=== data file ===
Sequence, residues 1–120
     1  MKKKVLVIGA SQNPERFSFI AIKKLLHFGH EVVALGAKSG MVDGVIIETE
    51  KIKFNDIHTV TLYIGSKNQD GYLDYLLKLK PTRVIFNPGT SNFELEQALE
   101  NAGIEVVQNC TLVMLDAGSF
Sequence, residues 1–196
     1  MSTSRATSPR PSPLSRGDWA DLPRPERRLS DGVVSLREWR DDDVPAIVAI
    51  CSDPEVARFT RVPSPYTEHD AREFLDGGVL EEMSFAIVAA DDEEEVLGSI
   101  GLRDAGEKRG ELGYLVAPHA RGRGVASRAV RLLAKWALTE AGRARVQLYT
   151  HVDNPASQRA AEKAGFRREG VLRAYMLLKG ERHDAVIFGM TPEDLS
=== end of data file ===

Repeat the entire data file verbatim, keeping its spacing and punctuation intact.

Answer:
Sequence, residues 1–120
     1  MKKKVLVIGA SQNPERFSFI AIKKLLHFGH EVVALGAKSG MVDGVIIETE
    51  KIKFNDIHTV TLYIGSKNQD GYLDYLLKLK PTRVIFNPGT SNFELEQALE
   101  NAGIEVVQNC TLVMLDAGSF
Sequence, residues 1–196
     1  MSTSRATSPR PSPLSRGDWA DLPRPERRLS DGVVSLREWR DDDVPAIVAI
    51  CSDPEVARFT RVPSPYTEHD AREFLDGGVL EEMSFAIVAA DDEEEVLGSI
   101  GLRDAGEKRG ELGYLVAPHA RGRGVASRAV RLLAKWALTE AGRARVQLYT
   151  HVDNPASQRA AEKAGFRREG VLRAYMLLKG ERHDAVIFGM TPEDLS